Onboard train services and amenities Ticket of each class comes with certain services, amenities and options that are included in a ticket price and most of them you can’t remove or add. Variety of options, services and amenities is very big and sometimes tricky, to name a few most common ones: air conditioned carriage (not all of hem are), meals included in a ticket price, handling of oversized luggage, traveling with small pets, free newspapers, luggage compartment, shower, bio-toilet (airline style), travel set (toothbrush, eye-mask etc), TV, slippers, electric outlets and so on. Each ticket will have code of service. Those codes are tricky, but most important options will be displayed as little icons next to a carriage of your choice, when you buy ticket on RZD website. Some trains offer escorting underaged children on a train (if parents can’t travel with the kid). List of services is endless and no way of mentioning all of them. If you have some specific needs for your travel, check what specific train or ticket has included. Below I will explain the most common services and amenities.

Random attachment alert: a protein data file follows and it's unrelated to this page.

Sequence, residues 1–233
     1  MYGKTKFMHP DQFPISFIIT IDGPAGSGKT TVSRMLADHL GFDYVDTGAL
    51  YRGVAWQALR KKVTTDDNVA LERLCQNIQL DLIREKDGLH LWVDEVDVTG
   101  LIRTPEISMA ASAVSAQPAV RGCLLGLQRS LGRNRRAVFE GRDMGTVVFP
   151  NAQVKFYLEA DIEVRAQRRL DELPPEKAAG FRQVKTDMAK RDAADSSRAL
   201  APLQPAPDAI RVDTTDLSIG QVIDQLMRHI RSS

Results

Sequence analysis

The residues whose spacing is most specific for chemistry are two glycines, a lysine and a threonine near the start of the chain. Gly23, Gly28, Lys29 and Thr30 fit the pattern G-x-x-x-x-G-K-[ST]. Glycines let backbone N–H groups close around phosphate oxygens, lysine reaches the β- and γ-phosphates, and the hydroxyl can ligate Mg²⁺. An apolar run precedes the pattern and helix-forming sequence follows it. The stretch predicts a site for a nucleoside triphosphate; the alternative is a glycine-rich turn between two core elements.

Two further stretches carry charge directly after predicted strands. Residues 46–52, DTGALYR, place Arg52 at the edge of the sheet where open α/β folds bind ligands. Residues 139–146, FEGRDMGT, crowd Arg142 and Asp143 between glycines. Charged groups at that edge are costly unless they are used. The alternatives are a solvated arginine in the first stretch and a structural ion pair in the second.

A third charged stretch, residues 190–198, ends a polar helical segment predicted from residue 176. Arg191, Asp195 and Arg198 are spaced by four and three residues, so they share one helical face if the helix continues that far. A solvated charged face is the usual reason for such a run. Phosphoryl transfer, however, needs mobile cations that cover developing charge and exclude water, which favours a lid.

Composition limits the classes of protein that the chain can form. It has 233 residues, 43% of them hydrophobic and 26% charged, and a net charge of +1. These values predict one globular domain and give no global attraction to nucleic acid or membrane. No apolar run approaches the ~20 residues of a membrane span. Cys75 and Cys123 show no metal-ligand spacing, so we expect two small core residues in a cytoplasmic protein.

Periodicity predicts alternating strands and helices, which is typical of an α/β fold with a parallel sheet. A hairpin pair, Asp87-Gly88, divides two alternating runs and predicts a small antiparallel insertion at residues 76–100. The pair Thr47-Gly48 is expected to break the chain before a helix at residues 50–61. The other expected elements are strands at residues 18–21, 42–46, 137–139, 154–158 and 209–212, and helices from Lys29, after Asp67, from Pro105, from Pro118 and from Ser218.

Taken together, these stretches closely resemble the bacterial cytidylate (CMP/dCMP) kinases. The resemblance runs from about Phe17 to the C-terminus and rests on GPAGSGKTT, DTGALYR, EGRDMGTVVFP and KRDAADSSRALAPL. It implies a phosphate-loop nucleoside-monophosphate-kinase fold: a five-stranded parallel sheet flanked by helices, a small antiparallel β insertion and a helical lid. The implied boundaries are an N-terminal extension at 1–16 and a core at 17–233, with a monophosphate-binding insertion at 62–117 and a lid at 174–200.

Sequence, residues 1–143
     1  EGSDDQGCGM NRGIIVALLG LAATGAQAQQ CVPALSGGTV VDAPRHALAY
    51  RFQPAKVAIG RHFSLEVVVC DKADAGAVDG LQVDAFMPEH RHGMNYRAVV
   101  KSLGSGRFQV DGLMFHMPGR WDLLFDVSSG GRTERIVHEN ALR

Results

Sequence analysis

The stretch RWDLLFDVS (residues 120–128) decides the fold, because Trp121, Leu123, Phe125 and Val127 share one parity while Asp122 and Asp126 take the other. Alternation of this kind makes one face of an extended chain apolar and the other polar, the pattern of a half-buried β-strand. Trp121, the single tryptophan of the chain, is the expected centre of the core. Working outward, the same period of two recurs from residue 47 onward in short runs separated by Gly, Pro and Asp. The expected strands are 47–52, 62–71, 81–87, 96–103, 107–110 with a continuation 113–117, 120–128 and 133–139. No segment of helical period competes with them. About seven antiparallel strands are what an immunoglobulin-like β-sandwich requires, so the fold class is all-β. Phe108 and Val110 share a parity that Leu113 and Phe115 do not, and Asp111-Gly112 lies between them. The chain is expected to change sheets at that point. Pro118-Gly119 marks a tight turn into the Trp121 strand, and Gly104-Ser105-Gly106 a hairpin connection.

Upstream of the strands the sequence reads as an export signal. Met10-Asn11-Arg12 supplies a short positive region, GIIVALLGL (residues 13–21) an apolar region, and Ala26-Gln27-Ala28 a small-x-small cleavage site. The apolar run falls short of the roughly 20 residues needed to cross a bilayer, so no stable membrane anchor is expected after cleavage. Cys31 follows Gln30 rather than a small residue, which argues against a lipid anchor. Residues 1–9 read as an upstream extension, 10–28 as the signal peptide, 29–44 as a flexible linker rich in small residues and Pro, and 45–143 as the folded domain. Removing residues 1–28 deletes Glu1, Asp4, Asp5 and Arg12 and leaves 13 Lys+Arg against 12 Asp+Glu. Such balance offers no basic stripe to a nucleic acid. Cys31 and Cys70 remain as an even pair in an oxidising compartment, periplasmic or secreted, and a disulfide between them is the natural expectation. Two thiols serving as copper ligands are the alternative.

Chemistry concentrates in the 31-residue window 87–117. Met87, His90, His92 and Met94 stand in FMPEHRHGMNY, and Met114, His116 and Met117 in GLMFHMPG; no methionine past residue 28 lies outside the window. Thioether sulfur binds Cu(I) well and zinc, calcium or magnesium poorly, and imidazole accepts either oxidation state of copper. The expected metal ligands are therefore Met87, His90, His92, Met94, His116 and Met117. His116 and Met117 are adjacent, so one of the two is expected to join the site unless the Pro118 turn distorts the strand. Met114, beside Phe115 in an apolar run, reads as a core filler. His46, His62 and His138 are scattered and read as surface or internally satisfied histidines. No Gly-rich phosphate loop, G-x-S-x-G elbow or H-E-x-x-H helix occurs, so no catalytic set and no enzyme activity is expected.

Luggage. Official limit for luggage is 36 kilos per passenger. No one really controls luggage weight and enforces this norm, unless your luggage is so bulky that does not fit car storage spaces.
Russian railways does not provide luggage service like airlines do, so you have to bring all the luggage with you. I understand for oversized bulky luggage there are options for luggage service, but it has to ordered separately and it does not seem to be very popular. For storing luggage, railroad passenger cars have various options depending on a train and travel class.